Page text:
Why it’s here: Nestled into wooded surroundings, this Mid-Century Modern blurs indoor and outdoor living. Designed by award-winning architect Arthur Witthoefft of Skidmore, Owings and Merrill, the layout includes walls of glass and a floating wraparound terrace. The home features a sun-lit domed atrium, plus an open living and dining space with an original fireplace and hardwood floors. The modern white kitchen features high-end appliances, and each bedroom includes sliding glass doors that lead to the outside.

Armonk, NY


6. Undisclosed Location, Alaska 

Price: $159,000
Why it’s here: Attention preppers! In case of emergency, this is the doomsday cabin to ride out the end times. The off-the-grid property with 7.6 acres of land is a true getaway spot, reachable from Anchorage only by cargo bush plane, as we previously reported. The two-bedroom lakeside abode comes with its own water tank, solar and diesel power, and a generator. And a tractor comes with the purchase price.

Remote, AK


5. 376 Main St, Narrows, VA

Price: $129,900
Why it’s here: This charming bungalow from 1930 has been reimagined as a modern and adorable three-bedroom home. Gutted to the studs, the layout now includes an updated design, exposed wood beams, hardwood floors, rustic barn doors, and “country chic” decor. 

Narrows, VA


4. 1599 Cavendish Gulf Rd, Cavendish, VT

Price: $2,799,000
Why it’s here: Called Grahall, the almost 8,000 square-foot estate on 249 acres takes inspiration from a castle on a Scottish loch. This huge home is built from Glimmerstone granite from the area, and offers commanding views of the surrounding mountains. There are also stocked ponds, as well as gathering rooms with granite fireplaces. The spacious spread has a built-in track record as a rental property and corporate retreat.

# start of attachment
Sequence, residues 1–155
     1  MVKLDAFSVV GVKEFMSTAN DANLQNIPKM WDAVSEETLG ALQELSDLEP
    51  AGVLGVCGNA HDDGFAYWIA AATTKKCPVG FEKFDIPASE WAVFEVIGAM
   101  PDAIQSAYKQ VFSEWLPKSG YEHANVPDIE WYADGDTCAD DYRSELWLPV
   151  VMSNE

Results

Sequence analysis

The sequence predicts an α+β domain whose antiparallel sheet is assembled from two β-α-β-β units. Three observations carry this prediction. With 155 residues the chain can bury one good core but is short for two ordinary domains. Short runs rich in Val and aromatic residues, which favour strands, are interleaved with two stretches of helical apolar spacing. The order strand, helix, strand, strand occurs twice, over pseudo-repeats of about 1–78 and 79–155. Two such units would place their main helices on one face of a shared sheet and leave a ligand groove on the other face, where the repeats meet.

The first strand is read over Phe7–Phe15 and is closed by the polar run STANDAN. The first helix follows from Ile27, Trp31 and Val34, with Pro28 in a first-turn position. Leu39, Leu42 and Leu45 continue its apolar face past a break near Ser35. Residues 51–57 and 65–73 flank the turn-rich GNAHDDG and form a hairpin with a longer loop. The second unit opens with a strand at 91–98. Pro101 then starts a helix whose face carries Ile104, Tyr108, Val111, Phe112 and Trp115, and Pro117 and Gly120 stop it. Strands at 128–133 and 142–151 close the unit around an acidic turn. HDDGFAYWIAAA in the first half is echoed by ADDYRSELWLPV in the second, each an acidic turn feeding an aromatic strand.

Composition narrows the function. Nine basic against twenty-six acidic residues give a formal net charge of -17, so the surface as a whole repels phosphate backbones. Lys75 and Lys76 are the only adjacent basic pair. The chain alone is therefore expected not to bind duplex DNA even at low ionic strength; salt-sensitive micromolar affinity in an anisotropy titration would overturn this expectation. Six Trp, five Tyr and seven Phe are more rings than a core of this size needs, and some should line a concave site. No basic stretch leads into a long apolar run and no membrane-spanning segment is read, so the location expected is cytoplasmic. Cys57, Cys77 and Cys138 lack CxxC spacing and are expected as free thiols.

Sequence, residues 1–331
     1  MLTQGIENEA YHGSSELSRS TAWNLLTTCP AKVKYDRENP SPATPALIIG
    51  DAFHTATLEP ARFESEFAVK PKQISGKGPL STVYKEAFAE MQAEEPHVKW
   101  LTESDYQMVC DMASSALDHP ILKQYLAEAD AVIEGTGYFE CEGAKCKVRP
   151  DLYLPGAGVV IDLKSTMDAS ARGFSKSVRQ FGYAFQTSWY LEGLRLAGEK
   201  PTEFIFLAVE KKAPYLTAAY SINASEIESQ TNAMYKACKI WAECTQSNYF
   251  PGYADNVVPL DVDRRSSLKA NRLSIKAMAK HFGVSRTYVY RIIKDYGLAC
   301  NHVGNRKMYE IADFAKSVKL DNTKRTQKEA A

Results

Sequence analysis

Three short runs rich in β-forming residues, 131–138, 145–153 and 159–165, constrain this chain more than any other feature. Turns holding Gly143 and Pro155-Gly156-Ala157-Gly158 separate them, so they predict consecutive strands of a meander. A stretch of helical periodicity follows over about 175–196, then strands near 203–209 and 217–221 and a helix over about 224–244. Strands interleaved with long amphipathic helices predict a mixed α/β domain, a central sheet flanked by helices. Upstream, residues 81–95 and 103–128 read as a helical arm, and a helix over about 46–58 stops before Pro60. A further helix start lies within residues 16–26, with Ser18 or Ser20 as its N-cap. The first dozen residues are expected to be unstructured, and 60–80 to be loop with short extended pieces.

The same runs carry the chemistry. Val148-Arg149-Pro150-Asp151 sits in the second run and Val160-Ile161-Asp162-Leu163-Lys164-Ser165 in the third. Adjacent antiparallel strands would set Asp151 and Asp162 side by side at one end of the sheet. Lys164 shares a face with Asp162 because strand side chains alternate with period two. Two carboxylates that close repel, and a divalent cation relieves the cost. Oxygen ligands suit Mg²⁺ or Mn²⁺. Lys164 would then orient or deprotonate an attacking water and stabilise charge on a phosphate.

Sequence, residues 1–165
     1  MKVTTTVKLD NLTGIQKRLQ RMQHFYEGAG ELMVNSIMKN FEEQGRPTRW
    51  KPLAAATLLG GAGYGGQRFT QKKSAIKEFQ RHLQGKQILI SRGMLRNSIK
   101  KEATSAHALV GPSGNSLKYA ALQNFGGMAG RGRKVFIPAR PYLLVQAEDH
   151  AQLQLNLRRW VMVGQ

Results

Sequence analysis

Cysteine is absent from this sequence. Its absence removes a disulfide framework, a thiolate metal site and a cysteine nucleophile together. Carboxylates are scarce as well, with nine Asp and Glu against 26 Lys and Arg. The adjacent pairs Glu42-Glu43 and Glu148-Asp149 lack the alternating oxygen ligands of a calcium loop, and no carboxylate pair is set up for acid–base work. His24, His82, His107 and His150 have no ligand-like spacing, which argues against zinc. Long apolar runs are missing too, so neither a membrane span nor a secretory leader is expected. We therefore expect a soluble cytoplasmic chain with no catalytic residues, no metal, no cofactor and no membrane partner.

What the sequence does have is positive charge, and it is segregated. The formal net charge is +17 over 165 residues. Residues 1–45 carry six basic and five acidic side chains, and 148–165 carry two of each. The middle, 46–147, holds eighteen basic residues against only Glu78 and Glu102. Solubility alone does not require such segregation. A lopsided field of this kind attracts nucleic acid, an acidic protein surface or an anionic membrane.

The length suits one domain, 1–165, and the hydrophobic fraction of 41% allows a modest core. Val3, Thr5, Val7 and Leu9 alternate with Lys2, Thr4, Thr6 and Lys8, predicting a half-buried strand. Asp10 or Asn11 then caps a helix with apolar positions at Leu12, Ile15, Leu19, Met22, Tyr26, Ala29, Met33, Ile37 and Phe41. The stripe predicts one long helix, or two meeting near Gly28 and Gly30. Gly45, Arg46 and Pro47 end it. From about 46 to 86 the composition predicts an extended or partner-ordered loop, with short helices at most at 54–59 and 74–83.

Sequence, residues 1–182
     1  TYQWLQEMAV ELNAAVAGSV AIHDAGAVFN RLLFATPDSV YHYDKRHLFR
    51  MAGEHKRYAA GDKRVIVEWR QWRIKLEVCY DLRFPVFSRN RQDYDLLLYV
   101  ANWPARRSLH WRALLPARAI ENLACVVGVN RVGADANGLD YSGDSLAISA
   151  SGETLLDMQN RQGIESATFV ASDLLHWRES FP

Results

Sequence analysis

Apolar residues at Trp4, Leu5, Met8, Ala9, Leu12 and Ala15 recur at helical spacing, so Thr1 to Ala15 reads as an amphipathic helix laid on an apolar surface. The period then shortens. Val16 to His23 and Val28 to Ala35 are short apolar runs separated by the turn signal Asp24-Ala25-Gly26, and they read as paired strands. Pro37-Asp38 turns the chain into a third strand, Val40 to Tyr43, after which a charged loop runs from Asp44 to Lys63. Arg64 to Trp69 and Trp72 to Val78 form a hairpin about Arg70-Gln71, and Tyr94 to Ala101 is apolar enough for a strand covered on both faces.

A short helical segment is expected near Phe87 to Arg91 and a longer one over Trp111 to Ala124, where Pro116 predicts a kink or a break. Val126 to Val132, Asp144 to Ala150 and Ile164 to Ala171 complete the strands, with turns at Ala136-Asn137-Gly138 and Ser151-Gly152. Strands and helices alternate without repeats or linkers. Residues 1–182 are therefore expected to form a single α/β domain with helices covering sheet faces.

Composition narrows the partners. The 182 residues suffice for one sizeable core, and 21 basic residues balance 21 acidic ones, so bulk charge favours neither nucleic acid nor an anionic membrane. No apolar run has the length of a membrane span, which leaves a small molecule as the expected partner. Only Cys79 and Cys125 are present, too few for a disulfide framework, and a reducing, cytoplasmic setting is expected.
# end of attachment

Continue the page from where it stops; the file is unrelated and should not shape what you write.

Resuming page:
Cavendish, VT


3. 7895 Forest Keep Cir, Parker, CO

Price: $5,200,000
Why it’s here: This mansion is owned by former Colorado Avalanche forward Milan Hejduk, and it caught our eye immediately. Why? Because of an eye-popping amenity.

This property comes with its own private ice rink and Zamboni. Your very own Zamboni to smooth down the ice! The building housing the rink also features a clubhouse, fireplace, small kitchen, and sleep loft.

If checking your significant other into the boards isn’t your thing, the rink could be converted into a tennis court or workshop. Built in 2012, the luxe main residence also comes with a gourmet kitchen, wine chiller, seven fireplaces, and a master suite with private hot tub.

Parker, CO


2. 3463 Goode Rd, Goode, VA 

Price: $4,250,000
Why it’s here: The impressive estate is just a few years old, but it gives off the feeling of an Old World country manor. It’s owned by former MLB All-Star Brandon Inge, who has decided to move to Michigan to coach kids through the Legacy Center Sports Complex.

He leaves behind quite a spread. The listing includes a spacious five-bedroom main house plus a separate two-bedroom guesthouse, a barn, cabin, and two-acre lake all on 243 acres of land. The outdoor elements include a massive pool and spa, firepit, outdoor dining, and a fireplace. Who will step up to the plate?

Goode, VA


1. 19650 Valley View Dr, Topanga, CA

Price: $1,199,000
Why it’s here: This delightful A-Frame from 1970 is on the market for the first time since it was built 48 years ago. The owners purchased the land back in 1963, built the pre-cut abode, and have lived there ever since.

The compact 1,536 square-foot home is located in a SoCal canyon surrounded by gardens and oak trees, with a layout that includes three bedrooms and two bathrooms. The sunny living room features soaring ceilings and walls of glass that open to a balcony.